Other key factors were their relative independence and, in Venice at any rate, the stability of the city's government. Antwerp, although nominally under the control of Brabant, was in practice left to its own devices for the internal running of its affairs - at least until the last quarter of the century when religious controversy brought unrest and outside interference. Indeed the Hapsburgs - Dukes of Brabant - became increasingly Spanish, so that Philip II spoke only Spanish. Stability in Antwerp was brought about through a system of government which, while maintaining the principal power in the hands of the rich patrician families, recognised the aspirations of the tradesmen and craft workers to have some say in the control of their own affairs. In both Venice and Antwerp the guilds provided this outlet, and their members had the opportunity to be elected to important offices in the government of both cities. As in any successful city, there were occasional riots and unrest, but there was usually plenty of work and no internal conflict was troublesome for long.
The success of both cities brought large population growth and much urban development. Antwerp had developed south and east from the 11th century castle overlooking the banks of the Scheldt until by the end of the 15th century it reached the line eventually to be bounded by the 1555 fortifications. But whereas the population living in this area was 20,000 in 1394 it was five times that size by 1568, and so property became increasingly valuable. The bounds of the islands of Venice had been set by the natural geography much earlier, and although the population growth was not as explosive as that of Antwerp, nonetheless space for further building was at a premium.
Thus a very visible contribution to the artistic side of both cities was the architecture, and the wealth of the patrician families made it all the more practical. In Venice this was manifest not only in the splendours of the Ducal Palace, St Mark's Church and Square and many religious buildings, but also in the houses of the patrician families, some of which survive today. On the Grand Canal for instance one can still see the mid 15th century Ca Foscari and Ca Farsetti and the later Palazzo Grimani. Building in Venice attracted some of the best architects of the Italian Renaissance such as Sansovino, and later in the 16th century Andrea Palladio was to give his name to a style of domestic architecture which spread as far as England. In Antwerp the wealthier merchants built their houses mostly in conservative Gothic style, and as in Venice many of them contributed to the cost of building new churches such as St Jakobskerk and St Andrieskerk.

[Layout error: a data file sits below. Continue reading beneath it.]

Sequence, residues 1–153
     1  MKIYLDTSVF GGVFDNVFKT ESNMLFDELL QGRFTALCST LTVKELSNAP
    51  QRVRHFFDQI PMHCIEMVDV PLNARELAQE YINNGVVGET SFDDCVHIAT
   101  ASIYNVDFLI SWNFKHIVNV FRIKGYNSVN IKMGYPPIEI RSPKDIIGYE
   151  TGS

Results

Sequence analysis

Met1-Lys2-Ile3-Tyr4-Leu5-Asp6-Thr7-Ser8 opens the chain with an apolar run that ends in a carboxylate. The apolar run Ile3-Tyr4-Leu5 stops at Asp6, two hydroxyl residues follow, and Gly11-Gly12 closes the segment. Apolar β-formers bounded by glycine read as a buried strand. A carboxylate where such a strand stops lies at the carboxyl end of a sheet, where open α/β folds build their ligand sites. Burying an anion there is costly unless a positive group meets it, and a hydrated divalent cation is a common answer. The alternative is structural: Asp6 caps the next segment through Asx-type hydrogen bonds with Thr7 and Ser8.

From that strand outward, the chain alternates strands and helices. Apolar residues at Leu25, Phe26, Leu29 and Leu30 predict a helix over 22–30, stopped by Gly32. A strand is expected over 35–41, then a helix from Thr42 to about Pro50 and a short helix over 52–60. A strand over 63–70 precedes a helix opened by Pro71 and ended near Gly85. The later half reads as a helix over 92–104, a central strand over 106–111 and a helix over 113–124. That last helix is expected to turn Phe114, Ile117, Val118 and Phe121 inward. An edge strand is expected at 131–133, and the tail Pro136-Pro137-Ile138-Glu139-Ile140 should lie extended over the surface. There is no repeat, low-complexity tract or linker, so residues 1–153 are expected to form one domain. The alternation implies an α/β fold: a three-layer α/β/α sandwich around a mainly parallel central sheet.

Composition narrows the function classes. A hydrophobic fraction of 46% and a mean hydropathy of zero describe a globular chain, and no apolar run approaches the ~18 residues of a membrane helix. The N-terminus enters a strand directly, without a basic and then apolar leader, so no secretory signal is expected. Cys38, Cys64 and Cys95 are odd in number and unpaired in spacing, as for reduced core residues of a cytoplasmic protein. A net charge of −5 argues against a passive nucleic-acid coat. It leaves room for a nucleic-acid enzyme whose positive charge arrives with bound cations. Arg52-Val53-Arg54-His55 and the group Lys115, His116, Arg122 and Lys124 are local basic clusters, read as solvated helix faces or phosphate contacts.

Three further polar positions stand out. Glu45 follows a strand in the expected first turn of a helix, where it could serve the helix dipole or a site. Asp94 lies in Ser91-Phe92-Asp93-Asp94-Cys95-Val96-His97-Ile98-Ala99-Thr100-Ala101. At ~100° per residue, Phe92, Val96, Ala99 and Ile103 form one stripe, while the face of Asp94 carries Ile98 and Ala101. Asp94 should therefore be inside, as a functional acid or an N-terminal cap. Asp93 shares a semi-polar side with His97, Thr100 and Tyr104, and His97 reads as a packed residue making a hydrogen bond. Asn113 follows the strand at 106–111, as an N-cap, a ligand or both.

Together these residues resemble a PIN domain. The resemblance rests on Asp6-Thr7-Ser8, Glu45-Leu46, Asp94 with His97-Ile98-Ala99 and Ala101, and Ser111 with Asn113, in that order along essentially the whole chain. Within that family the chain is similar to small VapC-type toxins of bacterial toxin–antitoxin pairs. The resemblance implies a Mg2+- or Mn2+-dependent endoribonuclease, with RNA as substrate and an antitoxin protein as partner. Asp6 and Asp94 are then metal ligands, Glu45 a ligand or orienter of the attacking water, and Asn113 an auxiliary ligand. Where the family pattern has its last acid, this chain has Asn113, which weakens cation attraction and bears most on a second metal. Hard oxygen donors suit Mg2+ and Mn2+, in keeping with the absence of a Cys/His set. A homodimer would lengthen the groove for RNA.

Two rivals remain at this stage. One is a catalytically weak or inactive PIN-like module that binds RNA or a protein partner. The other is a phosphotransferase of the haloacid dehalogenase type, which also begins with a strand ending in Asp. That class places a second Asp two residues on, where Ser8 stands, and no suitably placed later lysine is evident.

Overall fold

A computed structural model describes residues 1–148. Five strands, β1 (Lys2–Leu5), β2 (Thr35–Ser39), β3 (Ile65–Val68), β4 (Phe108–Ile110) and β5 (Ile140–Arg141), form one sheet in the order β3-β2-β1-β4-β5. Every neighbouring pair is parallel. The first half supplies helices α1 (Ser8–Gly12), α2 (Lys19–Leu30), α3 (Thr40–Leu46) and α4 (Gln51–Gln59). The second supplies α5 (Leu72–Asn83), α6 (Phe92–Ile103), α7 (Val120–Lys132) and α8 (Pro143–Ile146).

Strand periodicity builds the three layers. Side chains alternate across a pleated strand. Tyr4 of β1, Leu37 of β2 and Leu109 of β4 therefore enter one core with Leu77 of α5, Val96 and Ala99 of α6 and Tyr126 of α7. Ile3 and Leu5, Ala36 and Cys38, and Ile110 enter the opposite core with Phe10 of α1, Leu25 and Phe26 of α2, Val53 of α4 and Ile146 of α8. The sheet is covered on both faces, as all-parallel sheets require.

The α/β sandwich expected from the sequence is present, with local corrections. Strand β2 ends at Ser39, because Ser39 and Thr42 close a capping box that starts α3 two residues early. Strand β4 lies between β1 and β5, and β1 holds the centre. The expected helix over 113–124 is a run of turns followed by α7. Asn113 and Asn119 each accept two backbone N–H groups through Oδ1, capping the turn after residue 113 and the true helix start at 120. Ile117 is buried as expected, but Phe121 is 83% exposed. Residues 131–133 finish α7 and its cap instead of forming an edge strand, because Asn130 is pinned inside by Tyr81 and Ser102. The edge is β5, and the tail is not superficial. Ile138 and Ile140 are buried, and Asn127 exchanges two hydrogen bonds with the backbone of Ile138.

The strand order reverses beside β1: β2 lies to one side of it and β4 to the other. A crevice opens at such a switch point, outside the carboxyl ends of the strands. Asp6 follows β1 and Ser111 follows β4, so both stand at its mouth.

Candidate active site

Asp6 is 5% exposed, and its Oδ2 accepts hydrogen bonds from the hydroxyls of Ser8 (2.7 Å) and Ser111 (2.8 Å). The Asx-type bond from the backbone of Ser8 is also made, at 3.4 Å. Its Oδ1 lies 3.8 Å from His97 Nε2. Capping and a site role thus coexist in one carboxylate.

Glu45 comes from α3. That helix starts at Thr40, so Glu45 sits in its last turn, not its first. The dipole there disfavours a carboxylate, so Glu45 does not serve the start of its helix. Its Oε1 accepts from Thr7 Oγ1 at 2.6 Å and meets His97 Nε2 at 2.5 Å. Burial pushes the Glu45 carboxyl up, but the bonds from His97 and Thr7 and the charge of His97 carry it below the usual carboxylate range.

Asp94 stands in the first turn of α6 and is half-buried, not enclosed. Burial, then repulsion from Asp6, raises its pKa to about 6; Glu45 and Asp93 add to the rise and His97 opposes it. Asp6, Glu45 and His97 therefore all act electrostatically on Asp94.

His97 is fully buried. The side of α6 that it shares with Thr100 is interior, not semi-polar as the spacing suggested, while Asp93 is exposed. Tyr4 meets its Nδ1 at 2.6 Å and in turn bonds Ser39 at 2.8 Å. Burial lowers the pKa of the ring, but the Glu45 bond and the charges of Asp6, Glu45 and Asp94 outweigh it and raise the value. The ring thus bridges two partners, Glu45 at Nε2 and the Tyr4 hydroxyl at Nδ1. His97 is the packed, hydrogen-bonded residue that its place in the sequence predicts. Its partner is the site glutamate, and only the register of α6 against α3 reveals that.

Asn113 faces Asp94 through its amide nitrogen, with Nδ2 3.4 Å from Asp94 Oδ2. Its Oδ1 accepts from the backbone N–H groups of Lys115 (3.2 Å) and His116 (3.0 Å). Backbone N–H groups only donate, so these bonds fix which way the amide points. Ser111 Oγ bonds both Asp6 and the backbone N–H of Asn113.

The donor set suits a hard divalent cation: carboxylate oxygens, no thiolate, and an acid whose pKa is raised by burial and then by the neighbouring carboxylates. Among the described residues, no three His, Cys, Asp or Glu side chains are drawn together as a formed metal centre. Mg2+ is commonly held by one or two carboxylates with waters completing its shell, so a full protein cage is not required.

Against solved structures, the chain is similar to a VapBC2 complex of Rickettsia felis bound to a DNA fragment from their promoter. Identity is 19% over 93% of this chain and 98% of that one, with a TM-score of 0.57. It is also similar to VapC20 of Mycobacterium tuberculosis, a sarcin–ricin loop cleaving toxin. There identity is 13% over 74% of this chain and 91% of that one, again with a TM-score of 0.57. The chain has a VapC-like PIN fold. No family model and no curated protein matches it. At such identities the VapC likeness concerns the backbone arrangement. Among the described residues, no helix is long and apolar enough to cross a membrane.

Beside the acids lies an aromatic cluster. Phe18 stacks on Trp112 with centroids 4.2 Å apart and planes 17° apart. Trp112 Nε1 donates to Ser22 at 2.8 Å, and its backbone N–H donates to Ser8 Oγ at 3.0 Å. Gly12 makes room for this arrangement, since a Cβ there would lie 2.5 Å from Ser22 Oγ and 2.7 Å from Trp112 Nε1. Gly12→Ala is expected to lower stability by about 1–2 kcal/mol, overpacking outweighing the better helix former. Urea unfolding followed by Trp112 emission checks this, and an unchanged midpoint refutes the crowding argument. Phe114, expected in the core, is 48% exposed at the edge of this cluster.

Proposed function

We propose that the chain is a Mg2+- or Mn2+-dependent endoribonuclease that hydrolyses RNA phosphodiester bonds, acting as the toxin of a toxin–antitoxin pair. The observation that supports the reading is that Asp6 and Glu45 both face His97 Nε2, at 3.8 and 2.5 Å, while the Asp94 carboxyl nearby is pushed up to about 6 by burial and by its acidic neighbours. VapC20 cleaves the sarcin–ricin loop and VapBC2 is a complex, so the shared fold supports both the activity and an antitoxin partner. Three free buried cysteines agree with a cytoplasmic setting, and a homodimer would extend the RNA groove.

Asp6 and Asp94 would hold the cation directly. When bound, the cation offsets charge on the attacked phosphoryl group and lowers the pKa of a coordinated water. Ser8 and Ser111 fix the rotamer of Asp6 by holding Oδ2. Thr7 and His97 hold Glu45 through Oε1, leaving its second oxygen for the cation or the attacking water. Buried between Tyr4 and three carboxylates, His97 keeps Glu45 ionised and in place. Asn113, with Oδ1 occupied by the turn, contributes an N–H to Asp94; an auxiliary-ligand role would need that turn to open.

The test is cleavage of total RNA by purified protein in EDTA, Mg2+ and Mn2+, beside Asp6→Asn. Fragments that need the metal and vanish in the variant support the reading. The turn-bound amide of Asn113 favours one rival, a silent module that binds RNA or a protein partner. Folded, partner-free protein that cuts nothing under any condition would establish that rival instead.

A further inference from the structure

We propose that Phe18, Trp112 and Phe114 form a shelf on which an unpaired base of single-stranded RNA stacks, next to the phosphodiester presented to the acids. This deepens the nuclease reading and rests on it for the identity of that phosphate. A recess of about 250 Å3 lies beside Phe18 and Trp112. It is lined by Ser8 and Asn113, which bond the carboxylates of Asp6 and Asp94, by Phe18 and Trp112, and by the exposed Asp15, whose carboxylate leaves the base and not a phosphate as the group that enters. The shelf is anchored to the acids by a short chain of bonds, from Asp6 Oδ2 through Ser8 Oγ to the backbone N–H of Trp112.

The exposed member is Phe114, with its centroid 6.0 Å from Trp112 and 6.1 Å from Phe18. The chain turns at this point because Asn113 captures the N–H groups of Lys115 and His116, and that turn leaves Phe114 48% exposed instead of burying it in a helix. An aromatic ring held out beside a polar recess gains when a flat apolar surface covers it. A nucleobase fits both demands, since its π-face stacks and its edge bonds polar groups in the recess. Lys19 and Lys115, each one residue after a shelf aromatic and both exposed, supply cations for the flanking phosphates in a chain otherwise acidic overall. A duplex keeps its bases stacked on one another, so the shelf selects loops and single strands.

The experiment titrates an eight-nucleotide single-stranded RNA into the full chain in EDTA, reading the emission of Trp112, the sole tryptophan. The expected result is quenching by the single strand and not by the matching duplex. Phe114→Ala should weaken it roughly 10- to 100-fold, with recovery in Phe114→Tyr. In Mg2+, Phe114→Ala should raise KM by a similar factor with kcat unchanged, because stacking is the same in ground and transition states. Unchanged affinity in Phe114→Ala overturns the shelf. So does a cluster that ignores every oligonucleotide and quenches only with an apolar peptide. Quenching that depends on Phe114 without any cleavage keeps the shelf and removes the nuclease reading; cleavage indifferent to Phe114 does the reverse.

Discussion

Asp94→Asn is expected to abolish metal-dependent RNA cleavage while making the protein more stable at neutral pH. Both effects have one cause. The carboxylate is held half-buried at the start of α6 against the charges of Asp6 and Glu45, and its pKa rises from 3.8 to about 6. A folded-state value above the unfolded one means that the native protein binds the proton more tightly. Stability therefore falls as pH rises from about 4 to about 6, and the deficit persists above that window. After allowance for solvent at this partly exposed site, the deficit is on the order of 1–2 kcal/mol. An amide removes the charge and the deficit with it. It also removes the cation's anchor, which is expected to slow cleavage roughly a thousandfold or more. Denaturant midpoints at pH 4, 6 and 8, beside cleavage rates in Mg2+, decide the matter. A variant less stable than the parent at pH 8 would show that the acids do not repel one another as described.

In Venice the aristocracy, who had become rich and powerful through their interest and expertise in commerce and finance, turned increasingly to the pursuit of pleasure. Many of them patronised artists and made significant collections of paintings and sculpture. Some of this patronage was private, such as the banker Odoni who commissioned a portrait from Lotto, and some more public in such places as the local parish church. Titian's altarpiece in the Pesaro family chapel in Santa Maria Gloriosa dei Frari in Venice is a good example. It is no accident that 16th century Venice contained painters of the calibre of Giorgioni, Titian, Tintoretto and Veronese, indeed Titian became so famous that he attracted patronage from François I, Charles V and Philip II. Art collecting thrived in Antwerp as well. In 1552 the collection of one Michiel van der Heyden was inventoried, and it showed an impressive number of art objects, including two pictures by Hieronymus Bosch.
There was also a thriving export trade in art objects themselves, particularly from Antwerp with its prime position as an international trade centre. In Venice, too, there were several prosperous Jewish art-dealers. As well as in paintings and sculpture there was a brisk trade in the work of goldsmiths and silversmiths, glass-workers, tapestry-makers and other craftsmen. These craftsmen belonged to one of the various trade and craft guilds that flourished in both cities. The guilds were another source of patronage for the arts, both in the building of impressive headquarters for themselves, and also in commissioning artwork, often with their associated religious confraternities. The Grote Markt in Antwerp was flanked by several guild houses built side by side, and the trade-hall of the butchers guild, the Vleeshuis, was built by the leading architect of the day, de Waghemakere, and was cited by Guicciardini, a Florentine who wrote about Antwerp in 1567, as being one of the most impressive buildings in the city. In 1508 the shrineworkers guild commissioned an altarpiece from Quinten Massys, the leading Antwerp painter, for their own altar in Antwerp cathedral.